Creative people all the help they can get. If you’re reading this, there’s a good chance you’re writer or artist of some kind, if in the amateur sense, and know the challenges that face you, from publishing to editing. If you’re not a creative, you almost certainly know an artist or cosplayer or the like and their travail (which they will share gladly). Even if you, mysteriously, know no creative people, you’ve heard of the challenges they face unless you’re living under the proverbial rock (and a rock with no internet).
One of the issues that creators face is a peculiar paradox – they both need alone time to write, but often thrive in the company of their fellows. The stimulation of interacting with fellow writers or artists, for the most part, is inspiring and reinforcing. The time to actually make something is an invaluable window to create uninterrupted. This paradox seems, on the surface, to be best resolved by separating socialization and activity.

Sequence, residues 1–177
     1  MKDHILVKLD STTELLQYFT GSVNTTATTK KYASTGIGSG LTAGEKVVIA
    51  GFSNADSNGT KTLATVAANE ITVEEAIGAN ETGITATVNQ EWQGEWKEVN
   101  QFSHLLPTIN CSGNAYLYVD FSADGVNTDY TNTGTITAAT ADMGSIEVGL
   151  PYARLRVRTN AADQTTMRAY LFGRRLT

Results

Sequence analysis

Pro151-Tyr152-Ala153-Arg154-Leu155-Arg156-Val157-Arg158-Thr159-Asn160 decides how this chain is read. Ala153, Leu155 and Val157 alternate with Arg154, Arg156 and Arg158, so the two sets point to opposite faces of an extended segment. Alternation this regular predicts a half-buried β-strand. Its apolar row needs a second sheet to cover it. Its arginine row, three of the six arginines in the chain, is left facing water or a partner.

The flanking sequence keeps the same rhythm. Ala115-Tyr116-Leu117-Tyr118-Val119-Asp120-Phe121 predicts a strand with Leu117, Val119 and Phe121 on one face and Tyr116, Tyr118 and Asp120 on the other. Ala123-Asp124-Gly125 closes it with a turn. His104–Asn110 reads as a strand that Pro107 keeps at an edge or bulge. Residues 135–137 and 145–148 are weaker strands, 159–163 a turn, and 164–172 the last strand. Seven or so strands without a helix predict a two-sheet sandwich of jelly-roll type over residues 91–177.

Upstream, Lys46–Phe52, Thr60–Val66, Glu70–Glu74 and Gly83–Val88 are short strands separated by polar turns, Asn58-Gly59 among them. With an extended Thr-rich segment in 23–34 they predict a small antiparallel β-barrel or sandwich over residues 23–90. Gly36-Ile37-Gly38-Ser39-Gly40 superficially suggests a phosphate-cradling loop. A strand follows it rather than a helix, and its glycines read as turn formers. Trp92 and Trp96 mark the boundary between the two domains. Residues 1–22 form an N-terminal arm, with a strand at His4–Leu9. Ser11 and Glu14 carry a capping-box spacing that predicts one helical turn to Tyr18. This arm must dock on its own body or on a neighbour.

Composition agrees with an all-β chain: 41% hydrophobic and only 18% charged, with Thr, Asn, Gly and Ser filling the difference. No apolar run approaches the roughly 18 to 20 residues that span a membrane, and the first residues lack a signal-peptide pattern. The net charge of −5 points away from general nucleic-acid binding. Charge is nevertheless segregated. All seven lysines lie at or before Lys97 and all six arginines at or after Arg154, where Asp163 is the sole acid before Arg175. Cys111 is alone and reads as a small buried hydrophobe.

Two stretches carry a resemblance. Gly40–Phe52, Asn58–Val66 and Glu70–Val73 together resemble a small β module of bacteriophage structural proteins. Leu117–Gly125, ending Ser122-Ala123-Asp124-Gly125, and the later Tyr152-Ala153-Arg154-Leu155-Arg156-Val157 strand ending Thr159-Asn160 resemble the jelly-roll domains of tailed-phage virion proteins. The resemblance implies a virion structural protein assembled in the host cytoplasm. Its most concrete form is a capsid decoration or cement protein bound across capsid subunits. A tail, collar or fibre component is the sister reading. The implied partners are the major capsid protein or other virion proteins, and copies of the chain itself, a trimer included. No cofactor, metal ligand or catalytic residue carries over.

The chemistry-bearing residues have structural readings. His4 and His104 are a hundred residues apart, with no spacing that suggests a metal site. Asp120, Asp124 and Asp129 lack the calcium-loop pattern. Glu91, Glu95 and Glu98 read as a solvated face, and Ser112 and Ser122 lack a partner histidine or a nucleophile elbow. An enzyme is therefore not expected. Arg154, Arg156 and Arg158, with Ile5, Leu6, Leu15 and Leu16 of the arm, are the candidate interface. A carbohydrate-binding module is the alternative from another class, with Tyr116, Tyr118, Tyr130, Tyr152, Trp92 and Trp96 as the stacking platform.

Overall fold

However, a local writer’s group has a different way to fulfill the need for both time and connections – and one I think we geeks should run with at cons and even other events.
You can combine both.